La Casa de la Buena Vida is a story of hope, struggle and salvation. It is a unique place whose doors are open to all. Opened in 2006, by Jesus Rodriguez (Chule), it is a rehab center for drug addicts, a shelter for migrant families and a lifeline for those who face social marginalization. The philosophy in the Casa is every person who has been helped to a new life will help another.
My project started in 2012 to see how a small community is trying to provide answers to problems that arise around them. I was interested in the uniqueness of La Casa de la Buena Vida-it survives on the help received by donations, volunteers and little help from the local council. The residents are given daily tasks and most importantly encouraged to feel a sense of restored dignity. Recently two babies have been born to couples that met there- symbols of hope and new beginnings. La Casa de la Buena Vida is an on-going project to tell the stories of the people who have generously allowed me to become a part of it. The Casa has an open door policy for anyone who comes in search of help and shelter as well as support to get out of the grasp of drugs and crime. The number of people living there fluctuates between 30 and 80 people at any given time.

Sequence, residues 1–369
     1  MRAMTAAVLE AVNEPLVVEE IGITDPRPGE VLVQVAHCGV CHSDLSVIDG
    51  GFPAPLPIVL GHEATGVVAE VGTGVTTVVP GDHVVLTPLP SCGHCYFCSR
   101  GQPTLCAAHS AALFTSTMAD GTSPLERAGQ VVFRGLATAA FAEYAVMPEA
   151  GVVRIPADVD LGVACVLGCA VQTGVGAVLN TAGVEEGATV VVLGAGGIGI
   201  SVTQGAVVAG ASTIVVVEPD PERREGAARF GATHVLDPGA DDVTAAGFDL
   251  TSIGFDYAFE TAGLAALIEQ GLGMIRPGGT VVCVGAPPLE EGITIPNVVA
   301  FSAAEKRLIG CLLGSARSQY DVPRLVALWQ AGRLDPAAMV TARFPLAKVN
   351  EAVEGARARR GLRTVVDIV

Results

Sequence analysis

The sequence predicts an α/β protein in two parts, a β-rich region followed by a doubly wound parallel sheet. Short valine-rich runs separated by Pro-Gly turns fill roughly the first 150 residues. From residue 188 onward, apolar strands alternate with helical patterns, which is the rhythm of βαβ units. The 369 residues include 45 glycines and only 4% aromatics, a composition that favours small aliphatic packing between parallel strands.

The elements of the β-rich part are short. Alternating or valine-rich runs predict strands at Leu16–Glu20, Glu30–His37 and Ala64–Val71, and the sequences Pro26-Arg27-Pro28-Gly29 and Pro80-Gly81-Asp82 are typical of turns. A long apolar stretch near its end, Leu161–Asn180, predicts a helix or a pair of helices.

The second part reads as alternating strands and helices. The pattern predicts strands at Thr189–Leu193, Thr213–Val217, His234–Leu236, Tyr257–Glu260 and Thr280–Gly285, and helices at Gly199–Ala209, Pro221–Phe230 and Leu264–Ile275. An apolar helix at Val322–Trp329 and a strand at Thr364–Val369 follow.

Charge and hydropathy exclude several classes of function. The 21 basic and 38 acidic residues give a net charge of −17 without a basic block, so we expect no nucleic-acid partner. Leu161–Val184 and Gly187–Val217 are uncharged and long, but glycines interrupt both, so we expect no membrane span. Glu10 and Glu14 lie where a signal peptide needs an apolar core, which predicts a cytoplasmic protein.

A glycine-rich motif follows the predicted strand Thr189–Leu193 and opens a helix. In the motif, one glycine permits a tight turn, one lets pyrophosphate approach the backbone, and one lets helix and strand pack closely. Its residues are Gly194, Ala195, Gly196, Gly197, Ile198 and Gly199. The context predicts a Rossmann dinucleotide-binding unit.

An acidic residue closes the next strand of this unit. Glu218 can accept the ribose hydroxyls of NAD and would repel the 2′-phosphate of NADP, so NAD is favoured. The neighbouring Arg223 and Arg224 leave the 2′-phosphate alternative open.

Although initially a place for recovering drug addicts, the Casa has also welcomed immigrant families with no resources and nowhere else to go as well as Sub Saharan immigrants looking for shelter. La Casa is an unusual shelter as well as rehab center set in a once abandoned farmhouse in the hills of Palma Palmilla, Malaga.
It was set up in 2006 by Jesus “Chule” Rodrigues, who after having battled drug addiction and time in prison for drug related crimes, decided to help those who are in the same situation as he was.
Born in Burma but spent her childhood in Dubai and London, where she later studied International Law.
She started taking photos while in Kenya in 2009, working as a freelance photojournalist and correspondent contributing to a local weekly paper The Sunday Express.
All her early work was based on social and environmental issues and focused on Korogocho, the second largest slum in Nairobi.
For the last 5 years she has been working on projects in both Malaga and Burma trying to share the stories of those who are in need of a voice.